Alcohol consumption increases the incidence of multiple types of cancer. However, how chronic alcohol consumption affects tumor progression and host survival remains largely unexplored. Using a mouse B16BL6 melanoma model, we studied the effects of chronic alcohol consumption on s.c. tumor growth, iNKT cell antitumor immune response, and host survival. The results indicate that although chronic alcohol consumption inhibits melanoma growth, this does not translate into increased host survival. Immunizing mice with a melanoma cell lysate does not significantly increase the median survival of water-drinking, melanoma-bearing mice, but significantly increases the median survival of alcohol-consuming, melanoma-bearing mice. Even though survival is extended in the alcohol-consuming mice after immunization, the mean survival is not different from the immunized mice in the water-drinking group. Immunization with tumor cell lysate combined with α-galatosylceramide activation of iNKT cells significantly increases host survival of both groups of melanoma-bearing mice compared to their respective non-immunized counterparts; however, the median survival of the alcohol-consuming group is significantly lower than that of the water-drinking group. Alcohol consumption increases NKT cells in the thymus and blood and skews NKT cell cytokine profile from Th1 dominant to Th2 dominant in the tumor-bearing mice. In summary, these results indicate that chronic alcohol consumption activates the immune system, which leads to the inhibition of s.c. melanoma growth and enhances the immune response to immunization with melanoma lysate. With tumor progression, alcohol consumption accelerates iNKT cell dysfunction and compromises antitumor immunity, which leads to decreased survival of melanoma-bearing mice. PMID:26118634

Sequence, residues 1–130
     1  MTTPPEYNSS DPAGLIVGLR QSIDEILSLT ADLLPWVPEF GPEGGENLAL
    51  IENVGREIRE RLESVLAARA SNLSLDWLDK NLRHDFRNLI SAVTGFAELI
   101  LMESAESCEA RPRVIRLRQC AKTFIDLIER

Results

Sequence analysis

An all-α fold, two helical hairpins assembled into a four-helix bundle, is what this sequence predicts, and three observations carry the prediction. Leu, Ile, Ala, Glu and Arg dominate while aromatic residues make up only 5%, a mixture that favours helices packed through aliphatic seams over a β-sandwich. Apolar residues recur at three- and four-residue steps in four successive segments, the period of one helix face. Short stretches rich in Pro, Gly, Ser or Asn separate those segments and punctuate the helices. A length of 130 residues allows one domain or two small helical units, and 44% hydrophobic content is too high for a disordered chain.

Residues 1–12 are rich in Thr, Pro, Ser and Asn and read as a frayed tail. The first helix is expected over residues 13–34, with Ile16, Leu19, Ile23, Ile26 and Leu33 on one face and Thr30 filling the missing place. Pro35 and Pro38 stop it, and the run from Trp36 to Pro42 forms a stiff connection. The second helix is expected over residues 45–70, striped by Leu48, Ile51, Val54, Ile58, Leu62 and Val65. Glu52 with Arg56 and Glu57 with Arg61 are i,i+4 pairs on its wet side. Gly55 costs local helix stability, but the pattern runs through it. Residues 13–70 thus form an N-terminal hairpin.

6. Adenoviral Delivery of Tumor Necrosis Factor-α and Interleukin-2 Enables Successful Adoptive Cell Therapy of Immunosuppressive Melanoma.

    PubMed

    Siurala, Mikko; Havunen, Riikka; Saha, Dipongkor; Lumen, Dave; Airaksinen, Anu J; Tähtinen, Siri; Cervera-Carrascon, Víctor; Bramante, Simona; Parviainen, Suvi; Vähä-Koskela, Markus; Kanerva, Anna; Hemminki, Akseli

    2016-08-01